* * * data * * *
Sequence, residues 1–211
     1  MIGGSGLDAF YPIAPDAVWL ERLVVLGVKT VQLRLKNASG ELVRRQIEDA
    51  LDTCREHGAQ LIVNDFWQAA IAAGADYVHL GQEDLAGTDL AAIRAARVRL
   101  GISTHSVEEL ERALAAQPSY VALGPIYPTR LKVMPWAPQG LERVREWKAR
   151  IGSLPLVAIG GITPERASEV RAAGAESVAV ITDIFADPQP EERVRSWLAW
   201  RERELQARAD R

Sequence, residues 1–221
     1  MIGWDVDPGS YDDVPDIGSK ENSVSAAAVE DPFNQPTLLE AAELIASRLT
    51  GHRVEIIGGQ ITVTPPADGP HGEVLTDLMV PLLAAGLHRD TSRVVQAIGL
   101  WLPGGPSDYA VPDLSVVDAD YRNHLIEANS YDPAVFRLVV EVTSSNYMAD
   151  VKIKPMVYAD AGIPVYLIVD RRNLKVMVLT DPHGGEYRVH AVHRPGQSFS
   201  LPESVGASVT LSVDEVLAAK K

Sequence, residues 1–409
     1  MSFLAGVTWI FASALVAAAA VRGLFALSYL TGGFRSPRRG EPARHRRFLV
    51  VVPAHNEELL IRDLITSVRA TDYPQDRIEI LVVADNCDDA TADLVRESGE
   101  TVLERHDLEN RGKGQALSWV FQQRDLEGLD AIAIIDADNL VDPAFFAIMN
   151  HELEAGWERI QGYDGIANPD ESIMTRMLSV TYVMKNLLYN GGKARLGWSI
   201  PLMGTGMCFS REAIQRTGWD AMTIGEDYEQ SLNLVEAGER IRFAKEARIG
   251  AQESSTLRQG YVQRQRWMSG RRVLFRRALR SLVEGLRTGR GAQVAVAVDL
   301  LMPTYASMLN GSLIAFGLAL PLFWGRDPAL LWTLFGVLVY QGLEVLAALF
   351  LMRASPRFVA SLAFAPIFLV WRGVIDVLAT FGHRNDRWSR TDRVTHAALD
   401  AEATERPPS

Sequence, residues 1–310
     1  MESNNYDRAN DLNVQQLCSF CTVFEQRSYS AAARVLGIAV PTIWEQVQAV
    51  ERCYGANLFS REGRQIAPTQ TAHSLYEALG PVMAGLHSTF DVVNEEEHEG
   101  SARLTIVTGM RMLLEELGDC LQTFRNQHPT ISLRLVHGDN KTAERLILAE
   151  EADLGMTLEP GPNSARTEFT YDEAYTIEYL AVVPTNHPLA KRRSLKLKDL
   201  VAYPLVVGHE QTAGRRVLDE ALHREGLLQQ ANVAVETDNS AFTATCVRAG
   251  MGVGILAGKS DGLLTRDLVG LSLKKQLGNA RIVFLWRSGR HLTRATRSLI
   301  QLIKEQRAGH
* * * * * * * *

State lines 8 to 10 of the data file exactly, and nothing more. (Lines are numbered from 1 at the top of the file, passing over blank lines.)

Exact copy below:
     1  MIGWDVDPGS YDDVPDIGSK ENSVSAAAVE DPFNQPTLLE AAELIASRLT
    51  GHRVEIIGGQ ITVTPPADGP HGEVLTDLMV PLLAAGLHRD TSRVVQAIGL
   101  WLPGGPSDYA VPDLSVVDAD YRNHLIEANS YDPAVFRLVV EVTSSNYMAD